On a prominent hill visible from much of downtown Nashville, a stone reservoir with a capacity of 51 million gallons peeks above the surrounding tree-filled park. Completed in 1889, currently only used at half capacity but still the largest such serving Nashville. Many passersby see it daily yet few are aware that it was the site of a major disaster.
Just after midnight on the 5th of November, 1912, the ground under the base of the reservoir’s 22-foot thick wall gave way. The breached wall released millions of gallons down the hillside knocking several homes right off their foundations and damaging dozens more. Reportedly some people were floated out of their homes while still in their beds. Amazingly, the only fatalities recorded were a few chickens.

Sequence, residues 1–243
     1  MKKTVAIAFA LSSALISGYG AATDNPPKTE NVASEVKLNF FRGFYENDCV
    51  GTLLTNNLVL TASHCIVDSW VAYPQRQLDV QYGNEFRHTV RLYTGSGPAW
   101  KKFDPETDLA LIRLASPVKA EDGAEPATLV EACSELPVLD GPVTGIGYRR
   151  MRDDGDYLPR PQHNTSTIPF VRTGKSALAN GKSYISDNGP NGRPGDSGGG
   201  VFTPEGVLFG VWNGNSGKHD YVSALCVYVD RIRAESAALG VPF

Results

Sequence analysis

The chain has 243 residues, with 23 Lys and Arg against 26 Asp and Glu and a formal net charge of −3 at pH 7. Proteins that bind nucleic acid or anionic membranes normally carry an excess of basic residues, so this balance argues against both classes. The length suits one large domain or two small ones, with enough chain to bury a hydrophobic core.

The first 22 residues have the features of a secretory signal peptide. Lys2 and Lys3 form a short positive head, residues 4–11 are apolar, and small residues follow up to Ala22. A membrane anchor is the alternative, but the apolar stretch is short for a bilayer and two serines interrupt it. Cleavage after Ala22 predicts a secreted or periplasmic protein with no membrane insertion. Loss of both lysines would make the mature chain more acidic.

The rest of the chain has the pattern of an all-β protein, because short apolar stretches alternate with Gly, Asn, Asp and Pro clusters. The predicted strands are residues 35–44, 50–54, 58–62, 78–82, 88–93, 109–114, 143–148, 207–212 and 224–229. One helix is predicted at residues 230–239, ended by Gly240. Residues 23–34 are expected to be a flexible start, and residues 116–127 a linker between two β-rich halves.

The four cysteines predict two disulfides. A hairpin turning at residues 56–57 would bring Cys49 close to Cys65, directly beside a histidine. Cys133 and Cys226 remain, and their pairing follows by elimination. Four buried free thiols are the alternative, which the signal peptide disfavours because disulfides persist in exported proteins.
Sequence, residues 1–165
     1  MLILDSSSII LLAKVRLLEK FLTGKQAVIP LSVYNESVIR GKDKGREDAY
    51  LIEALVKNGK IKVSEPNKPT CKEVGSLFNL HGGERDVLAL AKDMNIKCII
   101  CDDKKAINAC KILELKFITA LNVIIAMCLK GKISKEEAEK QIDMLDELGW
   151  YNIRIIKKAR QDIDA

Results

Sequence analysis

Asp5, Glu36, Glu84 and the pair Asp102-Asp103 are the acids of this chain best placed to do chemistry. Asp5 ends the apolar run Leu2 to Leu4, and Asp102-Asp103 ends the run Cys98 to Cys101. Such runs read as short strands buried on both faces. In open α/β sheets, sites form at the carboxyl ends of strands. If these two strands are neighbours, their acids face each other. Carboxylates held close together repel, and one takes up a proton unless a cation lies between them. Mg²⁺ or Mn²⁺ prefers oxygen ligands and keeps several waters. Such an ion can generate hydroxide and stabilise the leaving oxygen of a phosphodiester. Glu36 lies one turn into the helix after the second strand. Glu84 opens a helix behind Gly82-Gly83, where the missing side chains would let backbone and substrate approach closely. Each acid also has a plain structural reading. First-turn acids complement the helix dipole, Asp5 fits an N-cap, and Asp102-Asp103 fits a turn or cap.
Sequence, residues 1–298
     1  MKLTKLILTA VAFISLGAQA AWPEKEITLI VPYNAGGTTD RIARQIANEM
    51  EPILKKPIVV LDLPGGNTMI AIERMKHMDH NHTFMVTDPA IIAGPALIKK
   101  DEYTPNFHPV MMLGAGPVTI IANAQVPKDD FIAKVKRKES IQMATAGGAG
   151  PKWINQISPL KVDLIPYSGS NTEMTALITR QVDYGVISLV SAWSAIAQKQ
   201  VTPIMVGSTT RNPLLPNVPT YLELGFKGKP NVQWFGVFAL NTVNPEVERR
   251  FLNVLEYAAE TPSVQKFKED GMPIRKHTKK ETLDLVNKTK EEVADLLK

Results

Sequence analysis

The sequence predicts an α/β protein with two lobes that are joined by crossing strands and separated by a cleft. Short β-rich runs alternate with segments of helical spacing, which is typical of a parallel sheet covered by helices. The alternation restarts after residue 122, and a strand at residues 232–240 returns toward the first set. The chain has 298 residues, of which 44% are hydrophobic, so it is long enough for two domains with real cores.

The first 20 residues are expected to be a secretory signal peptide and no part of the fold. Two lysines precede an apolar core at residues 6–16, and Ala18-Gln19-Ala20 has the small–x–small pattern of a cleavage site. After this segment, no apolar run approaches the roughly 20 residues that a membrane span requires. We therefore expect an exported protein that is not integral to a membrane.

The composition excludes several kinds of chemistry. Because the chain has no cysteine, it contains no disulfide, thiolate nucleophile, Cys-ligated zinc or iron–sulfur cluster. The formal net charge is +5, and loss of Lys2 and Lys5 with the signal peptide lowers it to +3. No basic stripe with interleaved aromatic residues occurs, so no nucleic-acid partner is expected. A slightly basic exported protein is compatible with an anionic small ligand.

The 175-foot wide repair is still noticeable 100 years later, due to the lighter color stones used in 1912. Below ground, the clay that eroded was replaced with concrete. Still serving thirsty Nashvillians today, the reservoir has been modernized in several ways and its foundation is well monitored so there is little risk of any new catastrophe.
Know Before You Go
Hilly old Reservoir Park is open to the public but for safety reasons the reservoir is fenced off. The repaired section is better noticed from the surrounding elevations, passengers on Interstate 65 have a particularly good view.